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Whereas the last one was to our friends and family, this one is to us.
Written by Victoria Gasparini
I have written this letter for you.
For the girl that wakes up each and every morning with the bravest of souls as you embark on a day that makes no promises to be easy on you. I’ve written this letter for the girl who lives silently in pain, smiling while surrounded by others, barely holding on when she is alone. For the girl who burns herself out in an effort to feel normal and provide for the people she loves, and for the girl that resists the temptation to give up on herself even when it seems it is her only option left.
I am sorry. I am sorry that you’ve been given this obstacle, that you carry these weights on your shoulders and that you are forced to feel ways no one should ever have to feel on a daily basis. I know how you feel when you see other people living care-free. I know that you get a knot in your gut when you have plans that you know are going to drain you, push you to your limit and expect more from you than you are able to provide.
I see you. I understand your pain and I want you to know that you are valid and visible. I see that you are tired of fighting and that most days you are close to giving up on yourself. You deserve a life free of pain, heartache and inconsistency. I want you to know that there is so much more to your life than your chronic illness. There are so many things to look forward to, to be happy and eager about, and to inspire you. I want you to see all of these things and so I need you to continue to fight.
There will be people who do not understand, in fact, most people will not understand. There will be times you feel judged, ridiculed or misunderstood by people you know and by people you don’t. These people are blissfully ignorant towards something they couldn’t possibly understand without living with chronic illness themselves, and that is something you will learn to accept with time. I want you to know that others who are silently fighting will admire your strength, your desire to thrive and your will to continue on, despite the way you are feeling.
I admire you, and I believe in you.
I also want you to know that you are still admirable even when you aren’t feeling strong and inspiring. You are still deserving of a life free of pain, even if you believe deep down that you are at fault for your outcome. You are still an inspiration to me, because I know what it’s like to feel that sense of self-betrayal, loss of oneself and failure. You are allowed to grieve the you that is lost.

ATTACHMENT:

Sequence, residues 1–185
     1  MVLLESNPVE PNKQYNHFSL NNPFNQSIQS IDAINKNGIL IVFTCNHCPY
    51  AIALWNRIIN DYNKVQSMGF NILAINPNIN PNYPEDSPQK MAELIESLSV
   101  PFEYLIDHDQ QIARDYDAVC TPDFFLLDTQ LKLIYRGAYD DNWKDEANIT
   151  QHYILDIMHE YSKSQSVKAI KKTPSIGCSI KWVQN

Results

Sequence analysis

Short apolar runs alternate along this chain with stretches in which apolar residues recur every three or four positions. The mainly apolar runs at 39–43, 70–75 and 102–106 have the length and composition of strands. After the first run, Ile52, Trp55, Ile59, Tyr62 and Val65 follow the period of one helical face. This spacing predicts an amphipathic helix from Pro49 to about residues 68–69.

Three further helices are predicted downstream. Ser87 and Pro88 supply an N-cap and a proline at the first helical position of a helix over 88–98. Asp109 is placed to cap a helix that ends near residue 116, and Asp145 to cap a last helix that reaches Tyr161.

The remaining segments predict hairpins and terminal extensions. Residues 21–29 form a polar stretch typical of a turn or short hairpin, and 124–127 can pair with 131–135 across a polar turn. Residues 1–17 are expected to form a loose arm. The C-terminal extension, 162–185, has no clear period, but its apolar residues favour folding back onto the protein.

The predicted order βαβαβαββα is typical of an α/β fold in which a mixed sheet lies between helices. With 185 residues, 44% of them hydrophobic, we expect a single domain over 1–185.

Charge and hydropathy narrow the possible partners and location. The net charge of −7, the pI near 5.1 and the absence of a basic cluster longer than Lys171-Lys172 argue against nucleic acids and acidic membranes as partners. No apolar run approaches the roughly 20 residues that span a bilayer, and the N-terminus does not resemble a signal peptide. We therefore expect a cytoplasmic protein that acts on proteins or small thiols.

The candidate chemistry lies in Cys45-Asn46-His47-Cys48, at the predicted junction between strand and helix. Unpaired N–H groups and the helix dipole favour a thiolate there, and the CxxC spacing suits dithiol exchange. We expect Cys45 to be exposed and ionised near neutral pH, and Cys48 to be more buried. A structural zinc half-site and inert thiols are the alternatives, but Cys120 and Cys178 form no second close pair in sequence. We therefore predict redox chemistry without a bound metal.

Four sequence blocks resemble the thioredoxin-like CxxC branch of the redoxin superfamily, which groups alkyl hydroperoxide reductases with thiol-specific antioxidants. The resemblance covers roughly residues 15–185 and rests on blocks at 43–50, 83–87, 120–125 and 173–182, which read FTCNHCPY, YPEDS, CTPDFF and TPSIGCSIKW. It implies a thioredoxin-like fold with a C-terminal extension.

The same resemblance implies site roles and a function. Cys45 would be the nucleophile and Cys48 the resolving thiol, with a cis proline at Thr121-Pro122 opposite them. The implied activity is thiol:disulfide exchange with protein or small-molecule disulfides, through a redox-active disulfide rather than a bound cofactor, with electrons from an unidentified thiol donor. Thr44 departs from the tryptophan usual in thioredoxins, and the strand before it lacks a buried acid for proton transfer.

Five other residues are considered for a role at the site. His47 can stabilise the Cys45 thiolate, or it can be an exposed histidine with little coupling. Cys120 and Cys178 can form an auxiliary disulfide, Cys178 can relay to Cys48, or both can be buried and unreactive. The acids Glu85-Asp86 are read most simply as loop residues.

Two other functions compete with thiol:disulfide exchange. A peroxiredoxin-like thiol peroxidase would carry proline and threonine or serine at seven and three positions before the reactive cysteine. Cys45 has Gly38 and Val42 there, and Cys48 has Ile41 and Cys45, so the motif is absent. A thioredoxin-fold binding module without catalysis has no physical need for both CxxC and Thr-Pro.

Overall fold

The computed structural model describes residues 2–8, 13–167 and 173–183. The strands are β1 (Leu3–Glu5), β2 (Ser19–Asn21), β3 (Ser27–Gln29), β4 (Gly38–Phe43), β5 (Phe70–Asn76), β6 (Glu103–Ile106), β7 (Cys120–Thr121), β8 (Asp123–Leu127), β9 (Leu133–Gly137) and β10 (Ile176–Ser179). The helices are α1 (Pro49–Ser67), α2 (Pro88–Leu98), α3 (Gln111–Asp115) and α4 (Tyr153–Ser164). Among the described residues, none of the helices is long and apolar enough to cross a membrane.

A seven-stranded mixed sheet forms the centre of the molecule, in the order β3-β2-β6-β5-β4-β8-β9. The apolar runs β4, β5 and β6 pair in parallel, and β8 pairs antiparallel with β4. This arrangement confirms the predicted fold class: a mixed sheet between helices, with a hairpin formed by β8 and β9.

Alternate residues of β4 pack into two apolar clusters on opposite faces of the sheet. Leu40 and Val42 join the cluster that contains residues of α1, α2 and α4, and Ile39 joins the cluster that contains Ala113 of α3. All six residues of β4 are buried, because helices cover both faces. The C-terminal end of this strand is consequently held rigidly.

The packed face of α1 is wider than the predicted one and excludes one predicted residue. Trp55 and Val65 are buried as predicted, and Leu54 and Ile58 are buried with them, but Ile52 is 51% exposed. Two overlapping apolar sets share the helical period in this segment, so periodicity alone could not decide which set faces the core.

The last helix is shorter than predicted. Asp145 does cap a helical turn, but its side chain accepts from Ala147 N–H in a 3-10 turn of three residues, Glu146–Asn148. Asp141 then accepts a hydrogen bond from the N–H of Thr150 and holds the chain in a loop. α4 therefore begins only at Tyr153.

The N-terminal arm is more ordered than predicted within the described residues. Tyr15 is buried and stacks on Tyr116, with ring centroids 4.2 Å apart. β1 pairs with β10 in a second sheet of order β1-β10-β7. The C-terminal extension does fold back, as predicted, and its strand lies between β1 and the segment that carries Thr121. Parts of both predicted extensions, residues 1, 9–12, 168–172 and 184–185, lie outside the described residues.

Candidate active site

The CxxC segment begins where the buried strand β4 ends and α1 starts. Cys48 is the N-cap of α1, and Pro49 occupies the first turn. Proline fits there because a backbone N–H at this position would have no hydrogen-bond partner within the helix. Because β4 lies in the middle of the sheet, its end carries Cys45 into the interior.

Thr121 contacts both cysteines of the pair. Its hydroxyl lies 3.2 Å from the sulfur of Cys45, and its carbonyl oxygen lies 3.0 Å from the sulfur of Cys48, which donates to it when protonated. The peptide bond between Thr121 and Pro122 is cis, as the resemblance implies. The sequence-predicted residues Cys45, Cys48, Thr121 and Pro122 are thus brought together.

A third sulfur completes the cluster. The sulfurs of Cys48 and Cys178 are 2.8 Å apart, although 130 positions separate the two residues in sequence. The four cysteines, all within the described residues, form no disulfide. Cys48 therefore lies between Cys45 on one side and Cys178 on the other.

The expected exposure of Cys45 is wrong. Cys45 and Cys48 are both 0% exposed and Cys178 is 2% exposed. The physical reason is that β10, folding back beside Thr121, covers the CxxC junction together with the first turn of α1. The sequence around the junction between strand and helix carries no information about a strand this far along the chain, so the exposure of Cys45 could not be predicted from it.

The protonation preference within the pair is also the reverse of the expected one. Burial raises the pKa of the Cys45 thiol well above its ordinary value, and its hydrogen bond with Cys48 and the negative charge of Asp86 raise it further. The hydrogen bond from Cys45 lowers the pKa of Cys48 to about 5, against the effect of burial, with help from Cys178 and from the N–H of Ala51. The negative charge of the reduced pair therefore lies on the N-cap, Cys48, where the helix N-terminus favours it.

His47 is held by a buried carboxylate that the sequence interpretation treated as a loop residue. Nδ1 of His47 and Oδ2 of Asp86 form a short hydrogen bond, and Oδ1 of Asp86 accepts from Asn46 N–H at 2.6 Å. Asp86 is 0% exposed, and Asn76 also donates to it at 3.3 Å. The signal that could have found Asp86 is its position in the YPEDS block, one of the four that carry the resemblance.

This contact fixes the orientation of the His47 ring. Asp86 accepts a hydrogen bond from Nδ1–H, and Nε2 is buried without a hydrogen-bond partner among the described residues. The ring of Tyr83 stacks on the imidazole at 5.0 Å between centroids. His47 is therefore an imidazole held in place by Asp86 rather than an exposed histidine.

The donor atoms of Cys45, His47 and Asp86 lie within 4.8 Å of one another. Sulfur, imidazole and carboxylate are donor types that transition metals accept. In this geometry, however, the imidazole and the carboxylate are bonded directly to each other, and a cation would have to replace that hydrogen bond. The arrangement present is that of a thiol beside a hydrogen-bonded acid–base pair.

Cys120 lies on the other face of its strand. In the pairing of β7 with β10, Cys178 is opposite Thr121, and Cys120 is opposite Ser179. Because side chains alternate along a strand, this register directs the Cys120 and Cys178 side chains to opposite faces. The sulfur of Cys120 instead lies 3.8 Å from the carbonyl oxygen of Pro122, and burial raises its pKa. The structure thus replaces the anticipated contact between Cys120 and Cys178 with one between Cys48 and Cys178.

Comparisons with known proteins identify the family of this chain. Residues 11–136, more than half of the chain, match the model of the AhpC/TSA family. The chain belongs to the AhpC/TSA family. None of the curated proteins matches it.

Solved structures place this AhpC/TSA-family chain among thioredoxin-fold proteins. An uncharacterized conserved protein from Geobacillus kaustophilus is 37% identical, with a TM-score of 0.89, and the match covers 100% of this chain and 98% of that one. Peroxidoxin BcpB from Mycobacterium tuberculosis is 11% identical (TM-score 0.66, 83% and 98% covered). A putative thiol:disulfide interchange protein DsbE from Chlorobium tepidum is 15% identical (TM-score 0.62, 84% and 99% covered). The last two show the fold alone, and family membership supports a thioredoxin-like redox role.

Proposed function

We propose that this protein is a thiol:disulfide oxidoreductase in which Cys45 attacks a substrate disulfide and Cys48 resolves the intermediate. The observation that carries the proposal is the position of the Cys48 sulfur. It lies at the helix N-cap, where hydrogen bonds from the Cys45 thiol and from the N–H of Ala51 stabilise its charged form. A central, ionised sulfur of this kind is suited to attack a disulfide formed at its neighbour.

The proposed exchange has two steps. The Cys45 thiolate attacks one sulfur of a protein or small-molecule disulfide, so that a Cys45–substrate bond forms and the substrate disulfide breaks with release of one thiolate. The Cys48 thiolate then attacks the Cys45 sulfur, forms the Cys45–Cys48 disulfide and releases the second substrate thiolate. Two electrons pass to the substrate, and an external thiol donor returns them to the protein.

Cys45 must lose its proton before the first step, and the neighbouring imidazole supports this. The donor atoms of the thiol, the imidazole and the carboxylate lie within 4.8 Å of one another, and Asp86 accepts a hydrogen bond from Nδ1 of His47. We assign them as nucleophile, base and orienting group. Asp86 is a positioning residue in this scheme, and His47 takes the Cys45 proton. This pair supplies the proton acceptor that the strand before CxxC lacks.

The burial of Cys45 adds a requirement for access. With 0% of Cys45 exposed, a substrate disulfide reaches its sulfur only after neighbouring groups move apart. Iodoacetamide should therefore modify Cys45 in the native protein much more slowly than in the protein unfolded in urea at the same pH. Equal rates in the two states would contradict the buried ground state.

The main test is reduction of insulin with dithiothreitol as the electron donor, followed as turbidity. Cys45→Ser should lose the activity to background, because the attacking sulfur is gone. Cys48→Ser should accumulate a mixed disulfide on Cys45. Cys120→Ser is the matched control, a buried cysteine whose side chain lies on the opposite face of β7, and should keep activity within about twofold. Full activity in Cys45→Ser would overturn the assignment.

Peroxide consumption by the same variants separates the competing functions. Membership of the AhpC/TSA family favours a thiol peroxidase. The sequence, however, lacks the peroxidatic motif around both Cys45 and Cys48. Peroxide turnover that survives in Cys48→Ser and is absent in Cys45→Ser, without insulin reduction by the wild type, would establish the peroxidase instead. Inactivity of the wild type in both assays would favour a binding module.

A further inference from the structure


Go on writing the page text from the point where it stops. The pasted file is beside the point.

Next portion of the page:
I want you to forgive yourself. In time, I want you to see that the mistakes you had made in your past are behind you and don’t require your attention any longer. Choose to forgive yourself and move on. Move on to making better choices, choices that will change your life, make you stronger and healthier and choices that will help you discover yourself again. Choose yourself, over and over again.
Finally, thank you. Thank you for being you and accepting the life you have been given. Thank you for taking a chance on yourself and thank you for being a part of a community of people who fight for the chance to feel normal every day alongside you. We need each other to lean on, to talk to and to understand.
You have a chronic illness, but you are not your chronic illness, always remember this. To begin to heal, you must understand that the changes begin with you. Make your health a priority. Everything that has happened in your life has led you to this very moment,
See also: Is Hypothyroidism a Chronic Illness?
Diagnosed with Hashimoto’s Disease and Hypothyroidism, Victoria Gasparini explores the reality of living with chronic illness through her blog, The Butterfly Effect. Victoria seeks to spread awareness of autoimmunity and writes to inspire chronically ill patents to live wholesome lives beyond their health struggles.
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You can click on the hyperlinks in the above post to learn more and see references to information given.
The book You, Me and Hypothyroidism: When Someone You Love Has Hypothyroidism, the book for those who know someone with hypothyroidism.
Rachel Hill is the highly ranked and multi-award winning thyroid patient advocate, writer, speaker and author behind The Invisible Hypothyroidism. Her thyroid advocacy work includes writing articles, authoring books, producing her Thyroid Family email newsletters and speaking on podcasts, as well as being a founding board member for the American College of Thyroidology. She is well-recognised as a crucial contributor to the thyroid community and has a large social media presence. Her books include “Be Your Own Thyroid Advocate” and “You, Me and Hypothyroidism”.